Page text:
One of the reasons the fall albie run on Cape Cod is such an exciting fishery is the abundance of bait that floods our inshore waters starting in late August. This time of year, it's not uncommon to find albies bouncing between silversides, sand eels, peanut bunker and butterfish all within a one mile radius. That's why it's important to be prepared to match the hatch depending on what kinds of bait you're seeing pushed up out of the water.
Here, we've put together a photo guide to help you select the correct size and color lure for each baitfish. Also, check out or bonito & albie lure matrix to see a full chart of recommended lures for each type of baitfish.
Atlantic Silversides (Spearing)
Also known as spearing, silversides can be found along the coastline and estuaries on all of Cape Cod & the Islands. A mature silverside can reach about 6inches but are often found in schools out in open water and are frequently between 2 and 4 inches long. Silversides tend to move slowly in large schools. Their silvery lateral line is very distinctive and can be problematic if fish can be too keyed in on them. The best retrieve speed for mimicking silversides is a slow to medium retrieve.
Too Much Bait: If there is an extreme abundance of silversides, so much so that it is hard to get a bass or albie to key in on one, your go to retrieve is the dead drop slow twitch, which will simulate a wounded silverside descending from the school.
You know the fall has either arrived or imminent when peanut bunker show up. Like the bay anchovy, peanut bunker ball up in great numbers just under the surface. Peanut bunker typically range from 2 to 3 inches. Like both the bay anchovy and the silversides, peanut bunker too have a very distinctive color patterns. When they are dead, they appear to be silver as they lose their coloration very quickly. Don’t be fooled! But alive and well in their habitat, Peanut bunker have an olive twinge, with pink colorations. Your go to color patterns will be olive, ideally with a pink twinge.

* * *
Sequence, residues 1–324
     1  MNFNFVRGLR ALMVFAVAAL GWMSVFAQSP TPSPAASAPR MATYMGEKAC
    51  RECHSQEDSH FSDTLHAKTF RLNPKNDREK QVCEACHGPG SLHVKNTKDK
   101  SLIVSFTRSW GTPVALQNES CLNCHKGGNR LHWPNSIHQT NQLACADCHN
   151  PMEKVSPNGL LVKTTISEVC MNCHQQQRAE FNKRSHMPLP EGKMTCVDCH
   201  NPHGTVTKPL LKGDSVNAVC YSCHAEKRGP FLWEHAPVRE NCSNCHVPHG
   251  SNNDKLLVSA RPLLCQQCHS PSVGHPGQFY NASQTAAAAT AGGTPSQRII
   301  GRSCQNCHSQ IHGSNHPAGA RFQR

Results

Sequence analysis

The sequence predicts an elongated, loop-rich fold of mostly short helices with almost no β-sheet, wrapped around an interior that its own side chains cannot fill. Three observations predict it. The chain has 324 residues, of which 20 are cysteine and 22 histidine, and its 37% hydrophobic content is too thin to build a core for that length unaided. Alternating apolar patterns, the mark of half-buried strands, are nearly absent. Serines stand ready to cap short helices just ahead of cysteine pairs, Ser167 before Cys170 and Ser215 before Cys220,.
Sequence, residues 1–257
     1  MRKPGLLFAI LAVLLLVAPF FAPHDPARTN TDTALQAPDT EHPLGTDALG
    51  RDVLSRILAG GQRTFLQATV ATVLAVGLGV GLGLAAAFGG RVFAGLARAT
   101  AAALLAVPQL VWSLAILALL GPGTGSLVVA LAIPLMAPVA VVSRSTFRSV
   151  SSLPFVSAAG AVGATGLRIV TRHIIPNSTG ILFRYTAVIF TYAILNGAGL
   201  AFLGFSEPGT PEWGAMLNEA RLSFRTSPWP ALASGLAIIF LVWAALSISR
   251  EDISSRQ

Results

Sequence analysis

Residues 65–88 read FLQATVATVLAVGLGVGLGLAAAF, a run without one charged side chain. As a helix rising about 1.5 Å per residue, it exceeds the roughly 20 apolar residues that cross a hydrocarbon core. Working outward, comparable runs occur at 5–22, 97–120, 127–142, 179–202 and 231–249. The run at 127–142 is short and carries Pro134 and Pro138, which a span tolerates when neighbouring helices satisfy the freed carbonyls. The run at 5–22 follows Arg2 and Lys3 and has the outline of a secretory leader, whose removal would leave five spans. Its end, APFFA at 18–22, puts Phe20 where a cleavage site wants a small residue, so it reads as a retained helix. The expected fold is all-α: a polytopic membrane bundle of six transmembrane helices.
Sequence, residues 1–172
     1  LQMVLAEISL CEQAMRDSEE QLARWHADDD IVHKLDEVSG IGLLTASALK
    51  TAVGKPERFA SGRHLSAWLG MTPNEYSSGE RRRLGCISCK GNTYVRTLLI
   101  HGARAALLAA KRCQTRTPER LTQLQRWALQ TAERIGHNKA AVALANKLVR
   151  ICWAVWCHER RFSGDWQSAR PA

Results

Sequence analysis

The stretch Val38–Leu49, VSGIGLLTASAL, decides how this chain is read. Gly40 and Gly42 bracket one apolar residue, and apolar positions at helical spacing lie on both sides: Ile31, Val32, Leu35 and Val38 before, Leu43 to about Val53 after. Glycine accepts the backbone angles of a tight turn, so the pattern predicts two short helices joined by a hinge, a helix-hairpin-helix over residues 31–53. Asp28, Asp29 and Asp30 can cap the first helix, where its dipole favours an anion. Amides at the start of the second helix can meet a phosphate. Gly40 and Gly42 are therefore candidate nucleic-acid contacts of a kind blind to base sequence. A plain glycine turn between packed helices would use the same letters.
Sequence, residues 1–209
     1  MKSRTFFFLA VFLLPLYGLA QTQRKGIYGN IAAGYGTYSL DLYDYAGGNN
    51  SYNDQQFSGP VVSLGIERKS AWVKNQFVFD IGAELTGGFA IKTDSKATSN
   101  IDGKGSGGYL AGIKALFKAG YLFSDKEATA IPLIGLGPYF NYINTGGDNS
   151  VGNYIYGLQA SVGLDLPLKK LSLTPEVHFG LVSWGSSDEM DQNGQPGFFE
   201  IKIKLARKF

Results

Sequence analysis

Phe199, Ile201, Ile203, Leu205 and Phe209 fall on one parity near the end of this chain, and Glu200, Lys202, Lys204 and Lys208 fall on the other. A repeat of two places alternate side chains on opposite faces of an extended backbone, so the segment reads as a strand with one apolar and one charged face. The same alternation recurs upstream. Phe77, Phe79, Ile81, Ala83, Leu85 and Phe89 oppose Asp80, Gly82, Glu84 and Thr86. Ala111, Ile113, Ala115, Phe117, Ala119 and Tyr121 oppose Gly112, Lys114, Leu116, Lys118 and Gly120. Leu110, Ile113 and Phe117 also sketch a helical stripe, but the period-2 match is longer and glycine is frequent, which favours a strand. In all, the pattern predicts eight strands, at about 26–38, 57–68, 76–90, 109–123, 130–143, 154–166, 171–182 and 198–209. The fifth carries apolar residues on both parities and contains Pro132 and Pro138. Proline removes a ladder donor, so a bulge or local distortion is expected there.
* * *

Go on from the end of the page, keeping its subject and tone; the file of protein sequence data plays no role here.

Too Much Bait: The best retrieve speed for mimicking these is a medium to fast retrieve. If there is an extreme abundance of Peanut bunker, so much so that it is hard to get a bass or albie to key in on one, your go to retrieve is tip in the water fast retrieve, which will simulate a strike response.
Tiny butterfish can be found balled up all over the Cape & Islands in the fall. Butterfish have a unique profile that is hard to replicate and still have a good swimming action with a metal lure. As a result small, fat and round softbaits in a bone or silvery coloration is the way to go. They are slow moving, so a slow to medium retrieve is ideal.
Perhaps by various different names, I think there are sand eels in every body of water. Sand eels can range from 2 to 9 inches. Nothing drives bass and albies crazier than big balls of sand eels. They can show up in all levels of the water column so be ready with different weights. Sand eels are olive and silver and in like kind, those are the colors you would use. That said, a long narrow profile goes a long way in imitating sand eels as well.
Too Much Bait: The best retrieve speed for mimicking these is a slow to medium retrieve. If there is an extreme abundance of sand eels, so much so that it is hard to get a bass or albie to key in on one, your go to retrieve is tip in the water fast retrieve, the dead drop slow twitch, which will simulate a wounded sand eel descending from the school.